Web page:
When the Toyota 86/Subaru BRZ twins first broke cover in 2012, driving purists rejoiced as these cars harked back to the essence of fun driving without crazy power figures. A lightweight body, agile handling and rear-wheel drive but with just the right amount of power to have fun, the Toyobaru twins weren’t going to win traffic light drag races but were easy to drive and have fun by powersliding (wet roads) through the bends.
Eight years on, Subaru has unveiled the next generation BRZ coupe, improving upon its predecessor while staying true to what made the original a great drivers car.
Visually, the overall design of the BRZ is more revolutionary from the previous generation, seemingly taking inspiration from various other sports coupes. The front fascia has been completely redesigned, with a larger and wider grille, as well and deeper air intakes. Together with the sculpted hood and bold front fenders, the front of the new BRZ looks almost like a mini Dodge Viper… if you squint really hard.
The side profile of the BRZ has the textbook silhouette of a coupe, with the classic proportions of long hood and short deck, much like another classically proportioned coupe, the Nissan Fairlady Z.
Dimensionally, it’s 30mm longer than before and marginally lower though the height is accentuating by the ‘double-bubble’ roofline. A small fin at the back of the rear-wheel arch also assists in airflow adding stability at speed.
Over at the rear, the bumper has been reworked and houses a pair of exhaust pipes while the rear trunk has a tastefully integrated retro ducktail spoiler. The rear tail lights are also new, and with the slanted boot opening, sets the new BRZ apart from its predecessor.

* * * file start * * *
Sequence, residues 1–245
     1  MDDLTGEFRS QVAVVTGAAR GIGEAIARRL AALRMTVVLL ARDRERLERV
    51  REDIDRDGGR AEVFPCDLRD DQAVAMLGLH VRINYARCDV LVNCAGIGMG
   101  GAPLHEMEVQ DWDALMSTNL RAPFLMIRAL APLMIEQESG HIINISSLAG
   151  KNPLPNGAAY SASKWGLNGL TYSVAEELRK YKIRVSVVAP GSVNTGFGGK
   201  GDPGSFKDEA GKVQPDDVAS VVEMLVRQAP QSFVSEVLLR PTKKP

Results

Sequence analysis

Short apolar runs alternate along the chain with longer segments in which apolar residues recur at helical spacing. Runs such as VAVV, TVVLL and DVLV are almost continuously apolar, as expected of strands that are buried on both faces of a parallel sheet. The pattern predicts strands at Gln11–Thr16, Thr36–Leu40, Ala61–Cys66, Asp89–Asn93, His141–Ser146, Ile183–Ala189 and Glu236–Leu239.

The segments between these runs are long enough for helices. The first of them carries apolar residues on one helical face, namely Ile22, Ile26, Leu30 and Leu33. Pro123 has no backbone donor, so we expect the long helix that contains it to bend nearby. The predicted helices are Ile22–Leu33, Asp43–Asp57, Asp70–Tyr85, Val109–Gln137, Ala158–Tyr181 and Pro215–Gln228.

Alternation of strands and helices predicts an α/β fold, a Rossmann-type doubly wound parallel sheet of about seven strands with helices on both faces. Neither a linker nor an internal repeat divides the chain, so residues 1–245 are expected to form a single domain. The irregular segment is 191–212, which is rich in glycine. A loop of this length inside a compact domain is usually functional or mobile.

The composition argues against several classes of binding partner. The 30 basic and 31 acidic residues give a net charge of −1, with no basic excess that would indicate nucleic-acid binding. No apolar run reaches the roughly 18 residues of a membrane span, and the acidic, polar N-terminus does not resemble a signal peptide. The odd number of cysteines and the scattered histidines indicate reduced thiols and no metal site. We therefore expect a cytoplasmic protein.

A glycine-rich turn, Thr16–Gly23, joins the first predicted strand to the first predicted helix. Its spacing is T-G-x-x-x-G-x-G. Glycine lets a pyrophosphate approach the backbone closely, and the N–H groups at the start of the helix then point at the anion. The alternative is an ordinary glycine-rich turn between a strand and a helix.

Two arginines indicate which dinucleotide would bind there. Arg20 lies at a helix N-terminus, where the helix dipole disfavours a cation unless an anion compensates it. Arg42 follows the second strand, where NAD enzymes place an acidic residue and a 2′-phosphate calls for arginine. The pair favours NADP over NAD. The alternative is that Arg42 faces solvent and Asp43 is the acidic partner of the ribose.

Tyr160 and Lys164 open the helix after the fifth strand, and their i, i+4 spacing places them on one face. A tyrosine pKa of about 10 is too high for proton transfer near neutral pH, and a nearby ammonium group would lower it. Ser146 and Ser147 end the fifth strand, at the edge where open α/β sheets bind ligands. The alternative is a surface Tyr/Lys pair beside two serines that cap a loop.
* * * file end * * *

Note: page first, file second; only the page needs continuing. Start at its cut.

Under the hood, there’s a larger 2.4-litre, naturally aspirated flat-four ‘Boxer’ engine that produces 228hp and 250Nm of torque; a 31hp and 45Nm gain over the previous 2.0-litre engine. Plenty of punch for a sub 1.3-tonne car with near 50:50 weight distribution.
You can row gears via a good-old six-speed manual or a quick-shifting six-speed automatic with paddle shifters and an auto-blip feature.
Utilising elements from the Subaru Global Platform, the BRZ has reinforced chassis mounts and revised subframe architecture to increase rigidity by almost 60 per cent. Front suspension is MacPherson-type setup, while the rear suspension utilizes a double wishbone. You’ll get a limited slip differential as standard as well as a five-stage traction control system that can obviously be completely deactivated.
Befitting a driver’s car, the interior is very driver-oriented with a low seating position, contoured bucket seats and that flat-facing steering well. There’s a 7.0-inch configurable digital driver display and an 8.0-inch touchscreen infotainment system featuring the latest Subaru Starlink multimedia system that’s Android Auto and Apple CarPlay capable.
Vehicles equipped with the automatic transmission also feature Subaru’s EyeSight Driver Assist Technology, featuring lane keeping assist and active cruise control.
In a power-crazed automotive world where power figures are top trumps, the purity of the driving experience has been somewhat forgotten. Slated to go into production late in 2021, the Subaru BRZ is just one of a dying breed of cars that continue to focus on the driving experience and the skill of the driver, rather than out and out speed and power.